Some populations of mountain pine beetles now produce two generations of tree-killing offspring annually, dramatically increasing the potential for bugs to kill lodgepole and ponderosa pine trees, CU-Boulder researchers have found.
Because of the extra annual generation of beetles, there could be up to 60 times as many beetles attacking trees in any given year, the study found. And in response to warmer temperatures at high elevations, pine beetles also are better able to survive and attack trees that haven't previously developed defenses.
Rounding out a full day of touring CU-Boulder facilities and meeting with faculty, staff and students, NASA Administrator Charles Bolden spoke to a packed house on the afternoon of April 18, 2014.
Bolden acknowledged the close association CU-Boulder has with the space program, calling the university a “pipeline for talent.”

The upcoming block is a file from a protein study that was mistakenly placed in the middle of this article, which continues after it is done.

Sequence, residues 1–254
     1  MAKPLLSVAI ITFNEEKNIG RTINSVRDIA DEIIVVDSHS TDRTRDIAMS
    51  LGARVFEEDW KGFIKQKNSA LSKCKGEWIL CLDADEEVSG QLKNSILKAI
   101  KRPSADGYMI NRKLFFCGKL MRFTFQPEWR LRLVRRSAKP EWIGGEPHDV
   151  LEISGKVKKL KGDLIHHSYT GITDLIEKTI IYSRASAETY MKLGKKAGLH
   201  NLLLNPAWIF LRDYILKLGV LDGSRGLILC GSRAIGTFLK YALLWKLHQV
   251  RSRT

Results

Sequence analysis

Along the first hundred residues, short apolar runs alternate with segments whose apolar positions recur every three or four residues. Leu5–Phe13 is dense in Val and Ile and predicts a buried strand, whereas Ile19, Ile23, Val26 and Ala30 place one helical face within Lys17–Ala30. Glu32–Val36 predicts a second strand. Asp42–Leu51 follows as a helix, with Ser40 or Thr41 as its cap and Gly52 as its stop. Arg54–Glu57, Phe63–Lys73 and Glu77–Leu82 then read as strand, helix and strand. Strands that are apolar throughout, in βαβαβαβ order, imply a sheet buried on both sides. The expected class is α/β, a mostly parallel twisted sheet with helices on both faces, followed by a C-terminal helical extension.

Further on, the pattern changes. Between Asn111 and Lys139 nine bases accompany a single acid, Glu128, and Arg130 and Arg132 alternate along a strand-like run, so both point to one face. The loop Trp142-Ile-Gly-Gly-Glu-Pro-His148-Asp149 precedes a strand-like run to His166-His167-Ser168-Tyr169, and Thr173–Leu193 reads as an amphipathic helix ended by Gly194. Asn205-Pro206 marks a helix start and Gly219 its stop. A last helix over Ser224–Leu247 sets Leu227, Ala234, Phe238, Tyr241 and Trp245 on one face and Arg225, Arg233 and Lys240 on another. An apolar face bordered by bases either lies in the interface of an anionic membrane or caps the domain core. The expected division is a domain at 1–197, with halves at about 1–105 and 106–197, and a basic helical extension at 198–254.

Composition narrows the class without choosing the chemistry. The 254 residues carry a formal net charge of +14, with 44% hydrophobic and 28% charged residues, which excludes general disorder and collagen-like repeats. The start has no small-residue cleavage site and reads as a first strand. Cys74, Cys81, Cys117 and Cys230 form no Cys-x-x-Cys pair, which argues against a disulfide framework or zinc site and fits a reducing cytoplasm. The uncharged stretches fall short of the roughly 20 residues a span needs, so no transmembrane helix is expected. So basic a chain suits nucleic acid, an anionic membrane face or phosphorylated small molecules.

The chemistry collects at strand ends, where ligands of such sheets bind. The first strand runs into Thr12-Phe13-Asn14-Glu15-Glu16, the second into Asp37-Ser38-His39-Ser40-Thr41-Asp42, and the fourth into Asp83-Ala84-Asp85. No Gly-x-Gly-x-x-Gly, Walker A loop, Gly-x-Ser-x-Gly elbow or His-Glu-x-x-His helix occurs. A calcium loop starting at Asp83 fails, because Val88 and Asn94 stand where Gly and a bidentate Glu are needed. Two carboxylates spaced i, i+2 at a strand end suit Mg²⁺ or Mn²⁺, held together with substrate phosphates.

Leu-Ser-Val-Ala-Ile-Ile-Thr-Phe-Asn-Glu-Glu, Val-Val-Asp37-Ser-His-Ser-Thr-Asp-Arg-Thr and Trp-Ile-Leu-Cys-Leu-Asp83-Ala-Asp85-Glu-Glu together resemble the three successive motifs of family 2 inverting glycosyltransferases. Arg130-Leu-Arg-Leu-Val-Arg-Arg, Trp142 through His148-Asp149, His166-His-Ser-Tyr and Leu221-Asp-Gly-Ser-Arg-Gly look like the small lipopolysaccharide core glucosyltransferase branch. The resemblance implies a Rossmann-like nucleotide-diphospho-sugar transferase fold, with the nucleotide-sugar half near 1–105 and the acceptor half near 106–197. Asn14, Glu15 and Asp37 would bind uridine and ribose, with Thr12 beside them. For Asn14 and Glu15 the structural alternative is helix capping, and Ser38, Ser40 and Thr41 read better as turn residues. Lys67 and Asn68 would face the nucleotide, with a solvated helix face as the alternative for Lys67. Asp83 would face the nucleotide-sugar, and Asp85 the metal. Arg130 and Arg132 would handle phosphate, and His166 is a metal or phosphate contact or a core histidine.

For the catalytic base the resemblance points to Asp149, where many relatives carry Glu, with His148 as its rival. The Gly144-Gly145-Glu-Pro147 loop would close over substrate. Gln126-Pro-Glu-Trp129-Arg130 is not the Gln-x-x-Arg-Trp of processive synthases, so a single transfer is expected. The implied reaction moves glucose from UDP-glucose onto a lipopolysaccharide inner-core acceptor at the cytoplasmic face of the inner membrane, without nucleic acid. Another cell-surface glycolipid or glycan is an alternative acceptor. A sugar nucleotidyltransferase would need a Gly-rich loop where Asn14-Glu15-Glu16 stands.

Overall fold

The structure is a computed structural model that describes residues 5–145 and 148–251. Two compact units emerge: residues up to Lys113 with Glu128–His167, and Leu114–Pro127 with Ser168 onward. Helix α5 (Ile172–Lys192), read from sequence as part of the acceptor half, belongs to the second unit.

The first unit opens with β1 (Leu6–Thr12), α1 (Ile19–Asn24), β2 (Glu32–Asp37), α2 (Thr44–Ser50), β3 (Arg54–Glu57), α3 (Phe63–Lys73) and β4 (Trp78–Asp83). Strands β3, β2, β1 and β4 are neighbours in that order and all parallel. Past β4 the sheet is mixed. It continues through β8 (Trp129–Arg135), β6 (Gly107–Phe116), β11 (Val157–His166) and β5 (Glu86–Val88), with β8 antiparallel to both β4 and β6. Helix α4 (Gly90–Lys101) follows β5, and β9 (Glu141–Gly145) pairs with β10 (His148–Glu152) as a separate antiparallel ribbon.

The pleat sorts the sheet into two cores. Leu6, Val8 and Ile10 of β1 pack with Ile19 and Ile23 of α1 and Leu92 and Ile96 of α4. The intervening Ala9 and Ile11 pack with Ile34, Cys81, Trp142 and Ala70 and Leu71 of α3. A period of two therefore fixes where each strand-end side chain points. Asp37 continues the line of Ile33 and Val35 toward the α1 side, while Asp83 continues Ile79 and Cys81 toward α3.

Among cancers, scientists have spent their entire research careers looking for cellular similarities that may lead to a single cure for many cancers –– the rare chance to have a single answer to a multifaceted problem. In 1997, scientists discovered a gene that they believed was the key to cellular immortality. Telomerase Reverse Transcriptase, or TERT, is a catalytic piece of telomerase, and while cellular immortality sounds like a good idea, it is actually how cancerous tumors grow and proliferate in cancer patients. In a recent paper published in Science, Tom Cech, director of the BioFrontiers Institute, worked with collaborators at CU's Anschutz Medical Campus to study mutations in bladder cancer that may lead to better treatments for many types of cancers.